Christopher Mintz-Plasse: I wasn’t too familiar [with comics]. My dad’s been a huge comic book fan since the ’70s. He’s got thousands in the garage, by the chair and by the toilet when he’s doing number two. I know I’ve read some of his comics back in the day but I can’t quite remember.

Chloë, had you read the comic book before the auditions?
Chloë Moretz: I hadn’t. I read the script. I hear that it was a lot like the comic. I like looking at the pictures. Is that bad to say? The comic is even more violent than the movie. I don’t chop someone’s head in half in the movie.

What kind of training did you have to do for this film?
Christopher Mintz-Plasse: I didn’t have to do too much. Chloë did a lot of training for this movie, but I hated my costume. It was awful. The first day it was amazing because I looked so cool in it, and after that you’re wearing it for 10 or 12 hours a day and are sweating nonstop. You have to keep hydrated. The cape was tied very tight around my arms. It would cut [into me], and I would get bruises and weird rashes in places. It was very uncomfortable.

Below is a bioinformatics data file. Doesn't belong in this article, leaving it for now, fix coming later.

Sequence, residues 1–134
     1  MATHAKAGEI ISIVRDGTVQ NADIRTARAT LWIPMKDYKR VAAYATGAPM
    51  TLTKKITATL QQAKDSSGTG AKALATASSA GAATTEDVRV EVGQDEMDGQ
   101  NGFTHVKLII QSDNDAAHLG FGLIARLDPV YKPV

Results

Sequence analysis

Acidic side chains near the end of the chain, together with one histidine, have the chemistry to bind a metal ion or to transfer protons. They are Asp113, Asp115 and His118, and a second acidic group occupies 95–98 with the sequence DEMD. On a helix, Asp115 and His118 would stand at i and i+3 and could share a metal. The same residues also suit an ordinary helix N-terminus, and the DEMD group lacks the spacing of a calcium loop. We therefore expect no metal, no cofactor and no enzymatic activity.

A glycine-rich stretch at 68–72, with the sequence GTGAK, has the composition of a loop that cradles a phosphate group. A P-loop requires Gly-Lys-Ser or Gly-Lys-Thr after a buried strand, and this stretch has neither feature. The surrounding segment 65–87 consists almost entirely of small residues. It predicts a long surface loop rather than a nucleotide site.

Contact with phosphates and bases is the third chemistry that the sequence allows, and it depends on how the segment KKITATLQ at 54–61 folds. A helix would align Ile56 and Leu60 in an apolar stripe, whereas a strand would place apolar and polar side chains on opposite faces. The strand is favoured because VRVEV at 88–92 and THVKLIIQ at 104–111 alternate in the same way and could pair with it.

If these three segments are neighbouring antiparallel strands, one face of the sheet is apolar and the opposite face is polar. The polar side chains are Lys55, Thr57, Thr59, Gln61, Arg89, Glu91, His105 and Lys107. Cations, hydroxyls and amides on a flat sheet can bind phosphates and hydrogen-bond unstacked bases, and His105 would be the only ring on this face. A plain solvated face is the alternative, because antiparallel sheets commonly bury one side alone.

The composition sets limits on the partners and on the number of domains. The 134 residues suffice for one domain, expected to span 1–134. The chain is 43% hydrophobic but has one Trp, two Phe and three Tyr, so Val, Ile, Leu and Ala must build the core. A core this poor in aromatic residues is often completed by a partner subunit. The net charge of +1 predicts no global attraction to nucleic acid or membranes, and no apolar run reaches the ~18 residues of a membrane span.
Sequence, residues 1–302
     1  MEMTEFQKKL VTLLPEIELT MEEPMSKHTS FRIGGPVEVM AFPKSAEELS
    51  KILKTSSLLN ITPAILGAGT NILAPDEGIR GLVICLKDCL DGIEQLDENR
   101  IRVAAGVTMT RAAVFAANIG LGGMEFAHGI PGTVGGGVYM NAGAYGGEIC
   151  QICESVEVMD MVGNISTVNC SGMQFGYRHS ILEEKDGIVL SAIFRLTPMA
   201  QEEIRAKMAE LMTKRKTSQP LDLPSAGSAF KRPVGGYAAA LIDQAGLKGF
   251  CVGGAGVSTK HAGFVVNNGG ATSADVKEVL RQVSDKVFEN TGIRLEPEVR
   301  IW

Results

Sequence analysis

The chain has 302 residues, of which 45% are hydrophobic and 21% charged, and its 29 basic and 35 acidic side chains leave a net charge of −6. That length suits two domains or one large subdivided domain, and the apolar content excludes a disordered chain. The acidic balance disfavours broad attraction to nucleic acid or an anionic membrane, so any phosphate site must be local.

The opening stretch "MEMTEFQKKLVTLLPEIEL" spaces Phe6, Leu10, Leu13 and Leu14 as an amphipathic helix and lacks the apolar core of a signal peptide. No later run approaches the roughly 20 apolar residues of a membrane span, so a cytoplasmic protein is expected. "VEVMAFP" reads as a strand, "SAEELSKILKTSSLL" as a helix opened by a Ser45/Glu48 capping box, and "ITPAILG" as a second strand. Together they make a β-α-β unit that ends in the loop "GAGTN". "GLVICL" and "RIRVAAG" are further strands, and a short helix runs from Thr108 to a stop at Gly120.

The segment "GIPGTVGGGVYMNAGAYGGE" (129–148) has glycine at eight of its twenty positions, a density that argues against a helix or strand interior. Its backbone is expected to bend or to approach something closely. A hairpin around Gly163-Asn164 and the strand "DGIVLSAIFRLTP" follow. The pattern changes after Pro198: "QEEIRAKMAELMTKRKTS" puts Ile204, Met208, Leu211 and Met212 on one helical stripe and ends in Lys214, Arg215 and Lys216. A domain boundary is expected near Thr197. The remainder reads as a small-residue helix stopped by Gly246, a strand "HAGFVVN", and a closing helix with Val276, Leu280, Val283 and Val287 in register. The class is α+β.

Chloë Moretz: I worked with UCLA top gymnasts, the Jackie Chan stunt crew, the 300 stunt crew. I worked with one of the top tumblers in the world and gymnasts. It was so hard, but it was something that I really love because I’m so athletic. I trained two months before the film even started.

Did you do gymnastics before?
Chloë Moretz: Yeah, I do ballet and gymnastics.